I ask her if there are perhaps plans to grow out of the university setting, move to a non-university-affiliated hall. She explains that given that most things are currently donated, including the access to Walter Hall, this would not be an easy transfer, but that they’d be open to it should the opportunity present itself. Thanks to the live-streaming – which is, let’s not forget, still extremely rare in Canadian performing arts – the concerts do get seen by a large swath of people who are not attending university or teaching in it.

And while Mysterious Barricades is not a day of advocacy for better funding or better insurance coverage for talk therapy, it is an invitation to look at the available resources, and to start a conversation around mental health. “I appreciate that it can be difficult,” says Whicher. “We want to deal with problems before they become a crisis. The understanding of what’s already available, and the availability – both of these need to be ramped up. Everybody comes to their help differently. We are here to start the conversation, and get past the initial discomfort around it.” Social media is not helping – they’re making, Whicher says, things worse. “It’s not helping the isolation factor, it’s not helping the understanding – in fact it’s diminishing the understanding. We need daily contacts with humans. We just have to keep finding ways to make contact with one another. And in this world of online likes and dislikes that can be difficult.”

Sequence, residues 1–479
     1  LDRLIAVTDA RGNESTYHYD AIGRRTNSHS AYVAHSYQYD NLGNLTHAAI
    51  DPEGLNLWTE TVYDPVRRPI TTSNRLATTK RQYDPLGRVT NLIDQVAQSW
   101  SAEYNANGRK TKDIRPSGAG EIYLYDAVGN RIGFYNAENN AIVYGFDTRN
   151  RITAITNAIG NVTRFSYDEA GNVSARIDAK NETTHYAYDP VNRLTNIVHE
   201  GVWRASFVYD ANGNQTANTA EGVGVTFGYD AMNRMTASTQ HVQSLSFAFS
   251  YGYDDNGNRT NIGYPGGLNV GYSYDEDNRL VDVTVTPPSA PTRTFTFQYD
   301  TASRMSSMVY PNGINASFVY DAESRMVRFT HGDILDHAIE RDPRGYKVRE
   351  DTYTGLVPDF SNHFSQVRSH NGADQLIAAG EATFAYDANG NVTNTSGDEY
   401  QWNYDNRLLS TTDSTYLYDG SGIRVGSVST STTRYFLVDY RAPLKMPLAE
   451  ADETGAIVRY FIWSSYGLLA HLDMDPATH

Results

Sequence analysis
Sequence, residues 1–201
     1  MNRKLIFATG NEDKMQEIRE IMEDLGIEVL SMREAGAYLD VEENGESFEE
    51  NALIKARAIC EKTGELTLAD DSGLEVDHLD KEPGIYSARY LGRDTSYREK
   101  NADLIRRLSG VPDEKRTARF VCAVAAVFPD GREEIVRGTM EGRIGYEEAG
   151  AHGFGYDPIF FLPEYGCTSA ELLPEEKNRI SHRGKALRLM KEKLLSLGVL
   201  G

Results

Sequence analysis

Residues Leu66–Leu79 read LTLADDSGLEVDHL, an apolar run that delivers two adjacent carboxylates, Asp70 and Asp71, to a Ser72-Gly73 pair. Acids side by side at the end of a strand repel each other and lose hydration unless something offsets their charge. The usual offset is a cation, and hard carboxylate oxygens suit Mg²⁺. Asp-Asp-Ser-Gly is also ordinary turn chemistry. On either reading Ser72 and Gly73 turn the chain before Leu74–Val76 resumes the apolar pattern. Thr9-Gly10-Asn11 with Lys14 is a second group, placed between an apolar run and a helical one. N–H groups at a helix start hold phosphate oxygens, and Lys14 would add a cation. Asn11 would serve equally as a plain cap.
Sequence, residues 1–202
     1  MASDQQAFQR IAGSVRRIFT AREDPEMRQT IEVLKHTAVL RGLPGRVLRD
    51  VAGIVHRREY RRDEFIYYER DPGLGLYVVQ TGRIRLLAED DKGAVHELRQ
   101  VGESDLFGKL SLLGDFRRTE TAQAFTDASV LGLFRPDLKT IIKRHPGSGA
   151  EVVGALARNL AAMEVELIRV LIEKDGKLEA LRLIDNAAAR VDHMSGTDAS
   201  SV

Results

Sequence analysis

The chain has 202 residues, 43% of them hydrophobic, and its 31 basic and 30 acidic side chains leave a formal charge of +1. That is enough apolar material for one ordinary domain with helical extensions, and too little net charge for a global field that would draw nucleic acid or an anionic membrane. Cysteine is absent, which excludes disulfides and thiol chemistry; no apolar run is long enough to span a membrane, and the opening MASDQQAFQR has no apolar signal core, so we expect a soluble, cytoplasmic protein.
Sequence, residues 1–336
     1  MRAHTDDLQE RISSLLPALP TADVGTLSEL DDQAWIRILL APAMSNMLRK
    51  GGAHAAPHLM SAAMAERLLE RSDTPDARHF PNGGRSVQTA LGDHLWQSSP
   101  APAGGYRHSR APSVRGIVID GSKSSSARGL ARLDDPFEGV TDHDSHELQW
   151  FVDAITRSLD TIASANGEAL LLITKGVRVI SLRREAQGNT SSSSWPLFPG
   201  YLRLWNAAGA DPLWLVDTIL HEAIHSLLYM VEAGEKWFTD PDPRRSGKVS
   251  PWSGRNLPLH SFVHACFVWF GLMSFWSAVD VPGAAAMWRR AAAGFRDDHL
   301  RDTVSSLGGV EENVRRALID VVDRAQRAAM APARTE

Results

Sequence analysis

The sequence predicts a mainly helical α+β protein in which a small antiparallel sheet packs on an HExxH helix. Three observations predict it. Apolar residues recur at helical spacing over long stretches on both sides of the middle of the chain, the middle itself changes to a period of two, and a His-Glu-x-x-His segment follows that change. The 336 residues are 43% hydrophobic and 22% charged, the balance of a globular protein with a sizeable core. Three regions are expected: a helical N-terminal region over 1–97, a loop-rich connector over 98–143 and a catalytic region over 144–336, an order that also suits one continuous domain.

Does she program each year around an idea? “Yes – Beth initially asked and I think it’s a beautiful plan, that the music provide some space for contemplation. Now, of course, it may also create space for emotion. We want to have music that evokes shared experience and be contemplative… forward-looking… colourful… in a word: hopeful.”

“Music has been the thing that’s upheld me for as long as I can remember,” she says. “And that’s true for so many people.”

Monica WhicherThe Barriers